Friday, February 26, 2010

Book and Movie reviews coming up

I'm guessing this post is like the In My Mailbox thing, except instead of things arriving by mailbox (Netflix movies excluded of course, those come by mail) I'll keep you updated on what's going on on this blog, and what I'm reading or watching later this week or next or whatever.


Ok, first, I just checked out Girl With a Pearl Earring by Tracy Chevalier from the library:


There are two versions of Lord of the Flies. One is the obvious 1966 classic black-and-white movie directed by Peter Brook we all know that one...

And the other is the Americanized and modernized (yes unfortunately, they dared to do so) version that came out in '90, directed by Harry Hook

Has anybody read Girl With a Pearl Earring? I'm on the verge of reading it right now. Also, has anybody seen the new version of LOF? I'd love to hear other people's views on this book and the new (and old) movie version.

Wednesday, February 24, 2010

Beastly coming to theaters soon!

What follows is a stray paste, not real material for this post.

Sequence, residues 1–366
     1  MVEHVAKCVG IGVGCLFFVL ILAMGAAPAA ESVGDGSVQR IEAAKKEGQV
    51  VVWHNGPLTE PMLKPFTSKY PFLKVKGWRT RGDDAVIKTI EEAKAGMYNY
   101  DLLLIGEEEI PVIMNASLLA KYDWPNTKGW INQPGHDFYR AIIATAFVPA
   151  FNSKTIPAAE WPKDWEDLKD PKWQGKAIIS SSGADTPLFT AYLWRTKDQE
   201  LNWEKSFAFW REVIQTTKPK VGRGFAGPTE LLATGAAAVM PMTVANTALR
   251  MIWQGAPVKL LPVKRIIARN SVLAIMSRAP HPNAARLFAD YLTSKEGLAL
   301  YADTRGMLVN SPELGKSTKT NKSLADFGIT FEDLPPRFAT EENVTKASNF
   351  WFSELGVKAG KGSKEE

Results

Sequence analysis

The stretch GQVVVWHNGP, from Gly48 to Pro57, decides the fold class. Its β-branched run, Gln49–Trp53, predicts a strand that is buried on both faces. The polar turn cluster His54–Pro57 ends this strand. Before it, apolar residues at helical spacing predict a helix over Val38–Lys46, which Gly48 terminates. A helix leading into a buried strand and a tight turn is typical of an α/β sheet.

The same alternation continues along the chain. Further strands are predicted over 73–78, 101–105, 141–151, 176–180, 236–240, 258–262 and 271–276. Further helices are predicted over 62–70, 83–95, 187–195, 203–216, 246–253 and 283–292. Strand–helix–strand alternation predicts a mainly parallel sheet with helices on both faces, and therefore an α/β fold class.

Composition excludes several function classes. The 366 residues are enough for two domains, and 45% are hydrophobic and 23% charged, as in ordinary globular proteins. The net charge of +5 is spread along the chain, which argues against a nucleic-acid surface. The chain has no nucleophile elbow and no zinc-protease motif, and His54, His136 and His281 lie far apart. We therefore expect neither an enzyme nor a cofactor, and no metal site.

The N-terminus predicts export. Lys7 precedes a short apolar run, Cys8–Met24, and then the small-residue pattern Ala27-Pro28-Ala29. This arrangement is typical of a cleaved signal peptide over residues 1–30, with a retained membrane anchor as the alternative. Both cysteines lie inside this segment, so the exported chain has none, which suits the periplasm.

Book by: Alex Flinn
Coming July 30th, 2010

From the Facebook fan page:

Kyle Kingson (Alex Pettyfer) has it all – looks, intelligence, wealth and opportunity – and a wicked cruel streak. Prone to mocking and humiliating “aggressively unattractive” classmates, he zeroes in on Goth classmate Kendra, inviting her to the school’s extravagant environmental bash. Kendra accepts, and, true to form, Kyle blows her off in a particularly savage fashion. She retaliates by casting a spell that physically transforms him into everything he despises. Enraged by his horrible and unrecognizable appearance he confronts Kendra and learns that the only solution to the curse is to find someone that will love him as he is – a task he considers impossible.